At our recent BUUF Orientation session, Part 2, participants shared their “UU Elevator Speech.” This is a 30-45 second overview of the UU religion that you might recite to someone on an elevator who asked you what Unitarian Universalism, or BUUF, was all about. Participants have given permission to share their “speeches.” It’s interesting how many different ways you can describe our faith! What would your elevator speech sound like?
Vicki Dwyer Thomas: “We accept the good of all religions, philosophies and people. We work to support members, our community and the betterment of our world – many times having a lot of fun and fulfillment while doing this!”
June Blackwell: “We have no creed or dogma. It’s for those who are seeking knowledge from multiple sources; question “revealed truth;” reject authoritarian proclamations; and are willing to question themselves and to be questioned as they seek their own understanding.”
Joanne Krettek: “UUs share common values or principles rather than shared beliefs about a God or gods. We focus on the good we can do here on Earth rather than what happens in the afterlife. We actively work toward greater democracy, better stewardship of our planet and greater social justice. We value one another’s perspectives and learn from each other.”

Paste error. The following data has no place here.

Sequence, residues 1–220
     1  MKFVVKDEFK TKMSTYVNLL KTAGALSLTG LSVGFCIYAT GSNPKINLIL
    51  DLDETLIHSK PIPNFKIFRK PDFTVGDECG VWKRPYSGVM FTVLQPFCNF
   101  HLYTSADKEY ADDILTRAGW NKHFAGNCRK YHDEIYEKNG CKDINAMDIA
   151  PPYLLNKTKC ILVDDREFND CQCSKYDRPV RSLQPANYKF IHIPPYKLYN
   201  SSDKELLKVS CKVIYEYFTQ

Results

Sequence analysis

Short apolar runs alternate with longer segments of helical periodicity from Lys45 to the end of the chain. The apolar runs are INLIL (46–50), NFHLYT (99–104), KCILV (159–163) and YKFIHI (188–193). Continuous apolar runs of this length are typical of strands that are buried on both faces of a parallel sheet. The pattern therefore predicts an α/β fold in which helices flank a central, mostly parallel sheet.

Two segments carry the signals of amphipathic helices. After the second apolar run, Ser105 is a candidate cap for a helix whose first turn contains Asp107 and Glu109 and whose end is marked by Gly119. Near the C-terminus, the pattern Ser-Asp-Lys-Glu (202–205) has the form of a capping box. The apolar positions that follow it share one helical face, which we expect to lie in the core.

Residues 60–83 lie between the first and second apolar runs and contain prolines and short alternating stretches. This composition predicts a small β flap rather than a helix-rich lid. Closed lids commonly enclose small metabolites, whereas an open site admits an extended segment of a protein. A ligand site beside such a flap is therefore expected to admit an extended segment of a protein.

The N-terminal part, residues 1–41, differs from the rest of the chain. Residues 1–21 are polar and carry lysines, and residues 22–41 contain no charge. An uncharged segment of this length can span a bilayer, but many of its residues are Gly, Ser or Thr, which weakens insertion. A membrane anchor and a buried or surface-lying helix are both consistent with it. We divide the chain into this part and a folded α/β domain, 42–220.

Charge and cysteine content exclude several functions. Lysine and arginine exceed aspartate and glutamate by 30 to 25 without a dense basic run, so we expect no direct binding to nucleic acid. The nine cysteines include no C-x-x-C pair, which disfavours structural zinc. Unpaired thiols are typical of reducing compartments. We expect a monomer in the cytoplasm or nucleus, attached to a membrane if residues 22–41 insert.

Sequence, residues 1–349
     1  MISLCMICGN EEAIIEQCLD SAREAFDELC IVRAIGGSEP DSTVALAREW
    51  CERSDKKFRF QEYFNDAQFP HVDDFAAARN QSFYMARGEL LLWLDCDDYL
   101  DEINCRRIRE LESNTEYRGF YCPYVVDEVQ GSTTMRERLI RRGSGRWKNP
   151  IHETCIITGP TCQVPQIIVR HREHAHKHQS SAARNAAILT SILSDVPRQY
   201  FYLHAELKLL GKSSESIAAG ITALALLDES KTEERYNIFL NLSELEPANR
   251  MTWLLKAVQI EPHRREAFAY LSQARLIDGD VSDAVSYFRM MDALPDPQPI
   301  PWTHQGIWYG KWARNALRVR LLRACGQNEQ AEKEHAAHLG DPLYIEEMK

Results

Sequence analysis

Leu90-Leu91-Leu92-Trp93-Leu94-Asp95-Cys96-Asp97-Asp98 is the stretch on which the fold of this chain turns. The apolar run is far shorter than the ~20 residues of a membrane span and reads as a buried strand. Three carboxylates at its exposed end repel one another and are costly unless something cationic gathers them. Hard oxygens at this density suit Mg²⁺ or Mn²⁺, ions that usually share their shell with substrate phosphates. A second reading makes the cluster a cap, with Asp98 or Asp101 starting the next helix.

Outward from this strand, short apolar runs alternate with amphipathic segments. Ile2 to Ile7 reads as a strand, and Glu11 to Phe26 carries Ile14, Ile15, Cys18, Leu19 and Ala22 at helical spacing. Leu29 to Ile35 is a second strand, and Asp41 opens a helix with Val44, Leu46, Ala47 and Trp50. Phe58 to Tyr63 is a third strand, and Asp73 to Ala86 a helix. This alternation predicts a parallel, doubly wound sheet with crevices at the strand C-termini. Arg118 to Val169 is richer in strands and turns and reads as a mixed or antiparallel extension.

Clark Gilpin: “Famous early members of the American Unitarian movement, such as Ralph Waldo Emerson, thought that the form of our lives is not known in advance and must be sought, by daring to live experimentally toward it. Emerson made the point for in own life in a journal entry for September 1840, which later found its way into his essay “Circles.”
Let me remind the reader that I am only an experimenter. Do not set the least value on what I do, or the least credit on which I do not, as if I pretended to settle anything as true or false. I unsettle all things. No facts are to me sacred; none are profane; I simply experiment, an endless seeker, with no Past at my back.
This daring to live experimental lives seems to me to be an enduring feature of the Unitarian Universalist fellowship.”
Rev. Jim McConnell: “BUUF is a safe and loving community, where we learn to live our greatest, most authentic, and artful lives. So that our Being is full of grace, compassion and Love and our doing is directed towards creating peace and justice in human society and wholeness for our planet and all its creatures.”